Democracy Dies in Darkness

The Switch

Apple faces Trump’s ire after company says its products would be hurt by tariffs

September 8, 2018 at 2:06 PM

President Trump speaks in 2017, at the White House, during an American Technology Council roundtable with, from left, Tim Cook, Apple's chief executive; Satya Nadella, Microsoft's chief executive; and Jeffrey P. Bezos, founder and chief executive of Amazon.com, who owns The Washington Post. (Jabin Botsford/The Washington Post)

President Trump on Saturday took aim at Apple after the tech giant said the White House's proposed tariffs on China could result in price increases on popular consumer devices such as AirPods, the company's wireless headphones, and the Apple Watch.

In a tweet, Trump said there's an “easy solution” to Apple's potential woes that also came with a tax break: “Make your products in the United States instead of China. Start building new plants now. Exciting!"

Apple declined to comment on the president's tweet.

Earlier this week, Apple said in a regulatory filing that the president's proposed $200 billion in fresh tariffs on China would cover “a wide range of Apple products,” from its Mac Mini computer to cables, chargers and laptop cases. “Our concern with these tariffs is that the U.S. will be hardest hit, and that will result in lower U.S. growth and competitiveness and higher prices for U.S. consumers,” the company said.

Since then, though, Trump has threatened an additional $267 billion of tariffs on China, a move revealed Friday that could cover virtually all Chinese-made goods entering the United States.

The tariffs are top of mind for Apple chief executive Tim Cook, who has personally lobbied Trump for months on issues of taxes and trade, even dining with the president and first lady Melania Trump at Trump National Golf Club in Bedminster, N.J., last month. Cook's personal diplomacy stands in stark contrast to some of his peers in the tech industry, who haven't engaged Trump directly — and often are on the receiving end of far more aggressive tweets attacking their business practices.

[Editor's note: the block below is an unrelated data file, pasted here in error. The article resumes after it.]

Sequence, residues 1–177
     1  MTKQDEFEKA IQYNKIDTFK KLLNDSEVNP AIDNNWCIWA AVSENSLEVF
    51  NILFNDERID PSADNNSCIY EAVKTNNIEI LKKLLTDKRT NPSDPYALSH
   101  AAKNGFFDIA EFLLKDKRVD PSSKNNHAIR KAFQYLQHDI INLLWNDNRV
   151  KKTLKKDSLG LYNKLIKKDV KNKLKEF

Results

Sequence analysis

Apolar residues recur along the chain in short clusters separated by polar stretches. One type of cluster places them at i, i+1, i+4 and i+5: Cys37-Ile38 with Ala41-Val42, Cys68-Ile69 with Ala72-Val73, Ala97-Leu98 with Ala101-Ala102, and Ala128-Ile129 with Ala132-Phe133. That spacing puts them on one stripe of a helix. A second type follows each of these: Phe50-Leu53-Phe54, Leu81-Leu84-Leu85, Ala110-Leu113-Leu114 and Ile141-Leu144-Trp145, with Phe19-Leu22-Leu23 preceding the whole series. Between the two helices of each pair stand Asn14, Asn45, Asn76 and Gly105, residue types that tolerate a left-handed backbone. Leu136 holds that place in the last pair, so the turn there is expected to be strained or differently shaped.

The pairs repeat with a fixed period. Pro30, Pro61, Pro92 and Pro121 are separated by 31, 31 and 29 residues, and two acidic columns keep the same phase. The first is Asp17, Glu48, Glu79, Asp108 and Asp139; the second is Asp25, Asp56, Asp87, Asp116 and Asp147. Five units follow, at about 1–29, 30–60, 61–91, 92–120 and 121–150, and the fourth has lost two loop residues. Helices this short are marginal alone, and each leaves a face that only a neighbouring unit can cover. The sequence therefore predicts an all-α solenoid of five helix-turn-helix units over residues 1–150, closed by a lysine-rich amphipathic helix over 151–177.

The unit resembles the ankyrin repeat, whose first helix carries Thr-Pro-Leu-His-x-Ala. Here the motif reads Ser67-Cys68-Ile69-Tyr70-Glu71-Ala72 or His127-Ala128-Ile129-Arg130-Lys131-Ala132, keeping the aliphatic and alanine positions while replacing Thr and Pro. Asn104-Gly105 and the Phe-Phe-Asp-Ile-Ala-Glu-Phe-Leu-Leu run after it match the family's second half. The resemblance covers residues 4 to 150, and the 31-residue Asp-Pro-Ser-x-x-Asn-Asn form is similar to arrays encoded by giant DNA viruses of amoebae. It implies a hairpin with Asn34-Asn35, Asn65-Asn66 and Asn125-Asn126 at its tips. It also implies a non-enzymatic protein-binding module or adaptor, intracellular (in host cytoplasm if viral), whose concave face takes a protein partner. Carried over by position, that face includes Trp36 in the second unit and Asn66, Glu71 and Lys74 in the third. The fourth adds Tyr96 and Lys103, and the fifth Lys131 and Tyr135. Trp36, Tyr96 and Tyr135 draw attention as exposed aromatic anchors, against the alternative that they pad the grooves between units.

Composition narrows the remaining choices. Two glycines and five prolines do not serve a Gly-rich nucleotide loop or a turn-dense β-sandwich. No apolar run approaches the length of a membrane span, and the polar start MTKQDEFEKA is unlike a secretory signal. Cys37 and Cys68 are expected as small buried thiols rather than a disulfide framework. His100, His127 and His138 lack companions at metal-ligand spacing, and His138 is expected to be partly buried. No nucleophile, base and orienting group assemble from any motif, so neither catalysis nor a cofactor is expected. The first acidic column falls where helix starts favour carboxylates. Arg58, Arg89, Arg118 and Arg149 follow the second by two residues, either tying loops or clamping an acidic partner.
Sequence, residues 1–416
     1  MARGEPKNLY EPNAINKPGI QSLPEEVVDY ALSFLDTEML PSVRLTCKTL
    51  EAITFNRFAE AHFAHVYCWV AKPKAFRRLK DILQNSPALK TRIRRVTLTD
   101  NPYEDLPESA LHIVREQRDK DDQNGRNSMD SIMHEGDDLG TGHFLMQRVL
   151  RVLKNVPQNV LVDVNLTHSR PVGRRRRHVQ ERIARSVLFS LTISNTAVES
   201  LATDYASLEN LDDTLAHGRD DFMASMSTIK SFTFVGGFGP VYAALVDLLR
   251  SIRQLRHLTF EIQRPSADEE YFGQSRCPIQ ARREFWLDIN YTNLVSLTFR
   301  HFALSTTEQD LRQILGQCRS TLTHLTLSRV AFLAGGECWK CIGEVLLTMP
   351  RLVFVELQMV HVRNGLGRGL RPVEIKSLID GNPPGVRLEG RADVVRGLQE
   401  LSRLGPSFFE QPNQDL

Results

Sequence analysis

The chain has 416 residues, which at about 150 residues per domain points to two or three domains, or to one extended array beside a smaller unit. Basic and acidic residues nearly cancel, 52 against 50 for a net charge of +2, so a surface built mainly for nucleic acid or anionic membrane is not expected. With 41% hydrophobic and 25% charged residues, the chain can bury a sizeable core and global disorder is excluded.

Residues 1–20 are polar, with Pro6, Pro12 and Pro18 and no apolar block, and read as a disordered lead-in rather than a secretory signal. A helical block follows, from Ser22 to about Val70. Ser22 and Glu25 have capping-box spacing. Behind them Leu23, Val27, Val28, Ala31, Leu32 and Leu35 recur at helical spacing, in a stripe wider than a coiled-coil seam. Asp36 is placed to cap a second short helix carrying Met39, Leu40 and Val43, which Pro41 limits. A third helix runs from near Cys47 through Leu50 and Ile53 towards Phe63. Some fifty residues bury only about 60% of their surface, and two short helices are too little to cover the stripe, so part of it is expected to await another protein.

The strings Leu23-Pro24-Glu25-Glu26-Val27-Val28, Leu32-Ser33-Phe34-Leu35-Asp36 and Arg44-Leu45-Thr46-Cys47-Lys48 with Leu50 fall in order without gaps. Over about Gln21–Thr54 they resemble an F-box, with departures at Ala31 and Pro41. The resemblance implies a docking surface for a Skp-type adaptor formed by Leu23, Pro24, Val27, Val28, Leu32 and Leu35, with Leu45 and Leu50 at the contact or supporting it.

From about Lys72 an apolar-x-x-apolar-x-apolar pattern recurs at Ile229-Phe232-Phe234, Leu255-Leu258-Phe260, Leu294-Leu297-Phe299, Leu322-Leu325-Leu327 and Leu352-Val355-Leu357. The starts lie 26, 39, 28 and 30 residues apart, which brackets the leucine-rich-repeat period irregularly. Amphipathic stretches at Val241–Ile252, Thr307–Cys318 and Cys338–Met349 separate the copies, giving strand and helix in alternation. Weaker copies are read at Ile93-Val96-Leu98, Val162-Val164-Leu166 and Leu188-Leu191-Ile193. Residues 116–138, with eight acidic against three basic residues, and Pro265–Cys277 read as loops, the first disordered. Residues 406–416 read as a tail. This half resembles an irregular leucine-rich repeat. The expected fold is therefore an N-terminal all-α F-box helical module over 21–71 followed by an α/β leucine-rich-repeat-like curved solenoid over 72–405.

Apple, like other tech giants, has benefited from the last year's overhaul to the U.S. tax code, and the company has committed to returning much of the $252 billion in cash it held abroad. In January, the company also announced its “direct contribution” to the U.S. economy through investments and other spending would exceed $350 billion over the next five years, while it would establish a new Apple campus to house technical support for customers. Some components for Apple products, including glass from manufacturers like Corning, are made in the United States, the company has said.

Trump previously has claimed that Apple is building new plants in the United States, but the iPhone maker has not announced any such plans.

Correction: An earlier version of this story said Apple chief executive Tim Cook had dined with the Trumps at the White House last month. It was at the president's golf club in New Jersey.


Tony Romm is a technology policy reporter at The Washington Post. He has spent more than eight years covering the ways that tech companies like Apple, Facebook and Google navigate the corridors of government -- and the regulations that sometimes result.

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